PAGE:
NSWNMA members at the Forster Private Hospital, on the NSW mid north coast, have voted to only work in accordance with their contracted hours and decline the frequent requests to make themselves available for additional shifts, after hospital management announced last week it was sacking six nurses and reducing the hours worked by a seventh.
The nurses voted on Friday afternoon, 15 February, to take this action and it starts immediately.
The decision will have serious implications for the hospital, as the nurses normally work up to 2000 extra hours each month to fill current vacancies and other gaps in the nursing roster.
For example, over one fortnight in November last year the total contracted hours for nursing staff was 3059.2, which is equivalent to 40.3 fulltime-equivalent (FTE) staff. However, the total nursing hours worked over this period was 3941.39 or 51.9 FTE. Therefore, for this two-week period in November, the difference between what the hospital had (ie. contracted hours of nursing staff employed) and what it needed to staff the hospital (ie. nurses required to actually fill shifts available) was 11.6 FTE.
The March 2013 roster also highlights the extent of the staff shortages at Forster Private, with the rehabilitation unit roster showing seven vacant shifts for the period 6 March to 19 March. The acute-surgical unit has 11 morning and evening shifts and nine night shifts to fill during the same period.
NSWNMA general secretary, Brett Holmes, said the fact is this hospital could not run without the goodwill of the nurses who agree to work extra shifts, over and above the ones they are contracted to work.
“The hospital already has significant staff shortages, yet it decides to get rid of six nurses and reduce the hours of another. Just how does Pulse Health, which owns Forster Private, expect to maintain safe patient care?
“In its latest annual report it is also boasting about the recent opening of another 12 beds in the Forster rehabilitation unit. Just who is going to staff these beds? So we add 12 beds and sack six nurses. That is ridiculous. The unit is already looking to fill at least seven vacant nursing shifts in March without the loss of six staff.
“The nurses at Forster believe these sackings are revenge for their recent campaign to achieve a decent pay rise and get their pay rates closer to public hospital and nearby private hospital rates. If so, that is reckless management practice and is clearly putting private profit ahead of safe patient care.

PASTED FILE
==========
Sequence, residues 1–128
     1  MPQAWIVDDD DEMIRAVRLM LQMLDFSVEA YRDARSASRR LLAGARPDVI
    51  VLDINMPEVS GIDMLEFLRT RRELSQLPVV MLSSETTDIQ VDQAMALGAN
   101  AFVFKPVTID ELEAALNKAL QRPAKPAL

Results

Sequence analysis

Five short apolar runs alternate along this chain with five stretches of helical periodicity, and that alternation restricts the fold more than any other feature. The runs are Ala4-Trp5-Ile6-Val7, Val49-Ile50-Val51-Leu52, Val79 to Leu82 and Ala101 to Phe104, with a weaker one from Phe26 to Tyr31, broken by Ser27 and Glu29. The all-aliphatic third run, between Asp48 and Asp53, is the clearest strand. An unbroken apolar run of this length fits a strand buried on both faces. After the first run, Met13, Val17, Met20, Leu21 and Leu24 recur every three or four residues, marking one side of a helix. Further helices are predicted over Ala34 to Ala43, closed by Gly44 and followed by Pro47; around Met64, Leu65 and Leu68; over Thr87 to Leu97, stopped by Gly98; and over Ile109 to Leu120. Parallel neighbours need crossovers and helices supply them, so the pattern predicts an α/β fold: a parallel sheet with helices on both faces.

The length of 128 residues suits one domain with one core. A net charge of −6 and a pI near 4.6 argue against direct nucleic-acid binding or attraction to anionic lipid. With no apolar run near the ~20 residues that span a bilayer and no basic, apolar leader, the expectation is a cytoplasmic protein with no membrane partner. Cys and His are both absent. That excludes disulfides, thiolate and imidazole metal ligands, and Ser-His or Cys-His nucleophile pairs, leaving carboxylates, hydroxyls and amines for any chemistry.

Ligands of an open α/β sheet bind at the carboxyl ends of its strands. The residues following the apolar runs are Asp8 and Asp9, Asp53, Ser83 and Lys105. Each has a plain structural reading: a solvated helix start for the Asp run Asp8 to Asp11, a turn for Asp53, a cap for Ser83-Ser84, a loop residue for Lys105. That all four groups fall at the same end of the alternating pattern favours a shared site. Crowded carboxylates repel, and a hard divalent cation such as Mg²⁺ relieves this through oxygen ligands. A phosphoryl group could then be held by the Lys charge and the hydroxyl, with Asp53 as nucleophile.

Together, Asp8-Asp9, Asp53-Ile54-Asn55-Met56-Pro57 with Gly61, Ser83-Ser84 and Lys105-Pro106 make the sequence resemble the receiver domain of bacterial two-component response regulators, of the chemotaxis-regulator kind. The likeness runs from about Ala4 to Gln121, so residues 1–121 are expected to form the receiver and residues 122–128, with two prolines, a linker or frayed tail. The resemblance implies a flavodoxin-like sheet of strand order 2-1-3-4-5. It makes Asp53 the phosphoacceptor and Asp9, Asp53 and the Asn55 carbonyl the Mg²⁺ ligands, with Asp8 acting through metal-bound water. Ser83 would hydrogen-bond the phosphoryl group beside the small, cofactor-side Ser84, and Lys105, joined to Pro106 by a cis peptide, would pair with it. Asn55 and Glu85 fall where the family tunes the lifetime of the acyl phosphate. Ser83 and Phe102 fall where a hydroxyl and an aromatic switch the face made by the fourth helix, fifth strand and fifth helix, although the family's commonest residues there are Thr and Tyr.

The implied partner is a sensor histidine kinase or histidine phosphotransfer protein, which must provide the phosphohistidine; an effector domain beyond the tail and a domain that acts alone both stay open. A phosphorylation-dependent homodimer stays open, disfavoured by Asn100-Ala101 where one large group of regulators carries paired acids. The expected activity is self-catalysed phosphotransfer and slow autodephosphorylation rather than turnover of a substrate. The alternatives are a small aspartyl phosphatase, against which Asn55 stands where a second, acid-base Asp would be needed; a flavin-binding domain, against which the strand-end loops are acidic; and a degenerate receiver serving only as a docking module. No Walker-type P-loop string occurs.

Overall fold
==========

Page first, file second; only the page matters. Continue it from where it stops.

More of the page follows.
“Pulse Health also bought a new facility recently and it looks like its nurses are being asked to make the sacrifice to help pay for it. Again that is inappropriate management practice in a healthcare environment, which is duty bound to provide safe care.
“Nurses themselves have a professional obligation to provide safe patient care. They can lose their right to practice as a nurse if they do not. So the nurses at Forster are right to take this decisive action to protect staffing levels at the hospital. With the nurses only working their contracted hours, and so many vacancies going unfilled, Forster Hospital management will simply have to reduce services to match the available nursing levels.
“This is a regrettable situation, but it is the only proper thing to do. When Pulse Health starts genuinely valuing its nurses, rather than just saying it does, and puts patient safety ahead of its profits then we might be able to get things back to normal.
“In an effort to get to the real reasons for the redundancies the NSWNMA will seek the assistance of the Fair Work Commission, as, so far, Pulse Health is only prepared to say the reasons are “commercial in confidence, but costs are a factor”. We believe the nurses and patients of Forster Private deserve the truth and some fairness,” Mr Holmes said.
Forster Private Hospital provides acute medical, surgical and rehabilitation services to the people of the Great Lakes area and beyond.
Pulse Health acquired the business, which was previously known as Cape Hawke Community Private Hospital, in April 2008.
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